Town manager to retire his plans are uncertain

March 08, 1995|By Anne Haddad | Anne Haddad,Sun Staff Writer

Hampstead Town Manager John A. Riley will retire March 17 from his longtime job, but not from public service, he said yesterday.

"I would like to still stay in local government work of some sort," said Mr. Riley, who lives in Manchester. He will be 66 Tuesday.

The talk in both towns has been that Mr. Riley is planning a run for mayor of Manchester. The election is in May.

"Time will tell," he said. "It's a possibility."

The current mayor, Earl A. J. "Tim" Warehime, is a distant cousin of Mr. Riley's, and Manchester Councilwoman Kathryn Riley is his sister-in-law.

Mr. Riley has been Hampstead's manager for more than 10 years. During that time, he also held an elected council position in Manchester until 1993, when the attorney general determined that the two paid public positions were a conflict under state law.

Since Mr. Riley became town manager in September 1984, Hampstead has nearly tripled in population, from 1,300 residents in 1984 to 3,600.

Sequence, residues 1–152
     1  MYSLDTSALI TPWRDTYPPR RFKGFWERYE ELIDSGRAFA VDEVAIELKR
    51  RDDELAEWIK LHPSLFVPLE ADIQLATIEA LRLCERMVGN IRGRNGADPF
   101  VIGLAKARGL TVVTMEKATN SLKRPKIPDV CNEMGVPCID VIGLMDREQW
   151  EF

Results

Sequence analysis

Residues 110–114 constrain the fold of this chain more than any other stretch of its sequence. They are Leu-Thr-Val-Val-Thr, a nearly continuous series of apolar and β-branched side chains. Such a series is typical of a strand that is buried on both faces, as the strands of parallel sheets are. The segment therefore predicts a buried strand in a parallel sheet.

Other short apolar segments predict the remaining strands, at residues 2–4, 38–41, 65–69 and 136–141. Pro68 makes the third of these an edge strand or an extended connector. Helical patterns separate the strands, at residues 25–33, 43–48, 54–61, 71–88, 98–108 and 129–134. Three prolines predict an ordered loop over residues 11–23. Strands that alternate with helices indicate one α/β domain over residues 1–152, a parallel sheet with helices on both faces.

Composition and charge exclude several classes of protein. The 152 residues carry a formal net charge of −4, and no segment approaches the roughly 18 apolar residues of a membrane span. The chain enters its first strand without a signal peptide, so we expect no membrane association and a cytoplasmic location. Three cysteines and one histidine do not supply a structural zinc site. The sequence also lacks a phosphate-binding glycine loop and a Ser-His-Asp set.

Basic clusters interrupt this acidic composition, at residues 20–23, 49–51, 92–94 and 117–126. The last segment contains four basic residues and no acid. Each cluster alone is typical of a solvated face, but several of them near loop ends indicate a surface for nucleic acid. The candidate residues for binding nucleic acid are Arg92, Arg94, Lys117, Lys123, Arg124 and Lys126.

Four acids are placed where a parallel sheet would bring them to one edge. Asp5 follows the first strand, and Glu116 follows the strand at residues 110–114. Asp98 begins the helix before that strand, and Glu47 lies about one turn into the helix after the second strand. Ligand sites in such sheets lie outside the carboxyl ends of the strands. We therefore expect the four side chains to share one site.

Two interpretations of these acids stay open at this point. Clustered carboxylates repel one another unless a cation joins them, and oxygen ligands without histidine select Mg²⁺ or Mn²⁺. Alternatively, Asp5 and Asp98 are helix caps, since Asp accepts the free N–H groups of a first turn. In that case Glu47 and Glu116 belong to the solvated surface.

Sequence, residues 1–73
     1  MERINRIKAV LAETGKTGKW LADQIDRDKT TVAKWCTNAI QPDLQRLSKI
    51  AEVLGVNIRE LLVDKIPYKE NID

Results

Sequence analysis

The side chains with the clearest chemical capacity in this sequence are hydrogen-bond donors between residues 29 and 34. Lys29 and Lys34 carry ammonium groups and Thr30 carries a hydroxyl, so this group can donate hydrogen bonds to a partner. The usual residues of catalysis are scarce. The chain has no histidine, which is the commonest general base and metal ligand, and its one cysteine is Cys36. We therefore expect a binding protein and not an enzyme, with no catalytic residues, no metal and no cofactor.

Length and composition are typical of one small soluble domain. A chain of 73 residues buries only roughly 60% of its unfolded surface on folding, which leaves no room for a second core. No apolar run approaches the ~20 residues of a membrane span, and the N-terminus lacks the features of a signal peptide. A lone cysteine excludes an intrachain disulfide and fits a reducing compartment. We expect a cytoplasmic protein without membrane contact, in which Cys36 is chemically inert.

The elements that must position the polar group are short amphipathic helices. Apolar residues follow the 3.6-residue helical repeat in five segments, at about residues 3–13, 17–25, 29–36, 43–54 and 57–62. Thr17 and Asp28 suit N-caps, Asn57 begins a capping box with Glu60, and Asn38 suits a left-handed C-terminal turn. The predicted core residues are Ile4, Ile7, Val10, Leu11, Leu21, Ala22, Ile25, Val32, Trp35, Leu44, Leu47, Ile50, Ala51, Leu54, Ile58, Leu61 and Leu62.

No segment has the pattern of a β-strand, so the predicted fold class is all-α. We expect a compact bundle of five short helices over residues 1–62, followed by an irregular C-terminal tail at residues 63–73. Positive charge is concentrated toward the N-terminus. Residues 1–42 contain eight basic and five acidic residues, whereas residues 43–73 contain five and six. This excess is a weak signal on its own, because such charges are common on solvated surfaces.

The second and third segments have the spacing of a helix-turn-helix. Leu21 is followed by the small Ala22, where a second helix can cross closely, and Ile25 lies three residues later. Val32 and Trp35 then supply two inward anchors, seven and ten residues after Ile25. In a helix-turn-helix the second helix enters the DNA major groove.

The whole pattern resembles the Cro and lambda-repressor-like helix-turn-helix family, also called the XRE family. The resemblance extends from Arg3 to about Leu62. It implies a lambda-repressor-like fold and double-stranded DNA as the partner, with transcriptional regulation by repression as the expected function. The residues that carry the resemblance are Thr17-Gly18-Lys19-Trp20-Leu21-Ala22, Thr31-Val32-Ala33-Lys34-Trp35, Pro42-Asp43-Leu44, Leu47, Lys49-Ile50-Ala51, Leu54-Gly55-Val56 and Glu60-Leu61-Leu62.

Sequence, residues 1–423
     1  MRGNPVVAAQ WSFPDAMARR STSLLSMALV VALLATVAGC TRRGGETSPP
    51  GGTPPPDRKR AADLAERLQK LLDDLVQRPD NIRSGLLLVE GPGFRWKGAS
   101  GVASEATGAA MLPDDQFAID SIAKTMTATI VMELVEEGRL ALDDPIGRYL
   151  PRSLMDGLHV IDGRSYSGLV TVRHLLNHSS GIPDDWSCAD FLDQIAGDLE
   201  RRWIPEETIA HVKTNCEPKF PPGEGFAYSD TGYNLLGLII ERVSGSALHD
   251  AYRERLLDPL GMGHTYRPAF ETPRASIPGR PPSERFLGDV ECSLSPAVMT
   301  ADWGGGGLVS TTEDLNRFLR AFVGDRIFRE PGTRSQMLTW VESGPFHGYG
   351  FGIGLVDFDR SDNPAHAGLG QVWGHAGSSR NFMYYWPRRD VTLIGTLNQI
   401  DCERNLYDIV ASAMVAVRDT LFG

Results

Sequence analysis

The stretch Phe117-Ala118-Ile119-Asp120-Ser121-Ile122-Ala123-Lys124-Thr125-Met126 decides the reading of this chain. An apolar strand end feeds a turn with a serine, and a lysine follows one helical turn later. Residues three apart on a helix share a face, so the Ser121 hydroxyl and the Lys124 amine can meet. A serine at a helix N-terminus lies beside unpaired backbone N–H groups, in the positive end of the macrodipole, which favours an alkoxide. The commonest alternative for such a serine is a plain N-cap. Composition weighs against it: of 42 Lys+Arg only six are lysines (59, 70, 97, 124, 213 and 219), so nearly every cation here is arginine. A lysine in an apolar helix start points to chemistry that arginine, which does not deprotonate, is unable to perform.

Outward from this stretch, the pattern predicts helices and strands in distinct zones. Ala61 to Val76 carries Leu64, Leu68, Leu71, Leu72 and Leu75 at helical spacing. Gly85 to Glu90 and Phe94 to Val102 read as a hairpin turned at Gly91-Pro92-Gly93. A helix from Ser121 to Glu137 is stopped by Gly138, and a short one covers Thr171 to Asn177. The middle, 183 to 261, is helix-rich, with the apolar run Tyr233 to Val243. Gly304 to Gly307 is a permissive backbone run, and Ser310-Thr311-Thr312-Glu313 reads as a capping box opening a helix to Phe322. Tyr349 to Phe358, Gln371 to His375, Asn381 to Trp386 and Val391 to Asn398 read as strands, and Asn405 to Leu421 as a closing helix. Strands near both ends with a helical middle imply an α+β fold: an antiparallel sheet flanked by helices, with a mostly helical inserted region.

Before taking the job, he managed hazardous waste disposal for the Black & Decker Corp. plant in Hampstead. For seven years before that, he managed the town of Manchester, where he was born and raised and has lived his entire life except for four years in the Navy.

"We've just progressed through the pains of development," Mr. Riley said. "Of course, there's been a lot of growing pains, and I think the town has developed according to the master plan, gone right along with that.

"It was just the point things had reached in Hampstead where I thought it was time I left," he said, declining to elaborate.

He said he will be available to the town on a consulting basis if necessary, and will help tie up loose ends before he leaves.

In December, Hampstead officials created an assistant town manager's position and hired Len Bohager to fill it.

Mr. Riley said that position was needed because of the extra work for town employees because of lawsuits and appeals filed by residents, many of whom say town services are insufficient to handle increased development.

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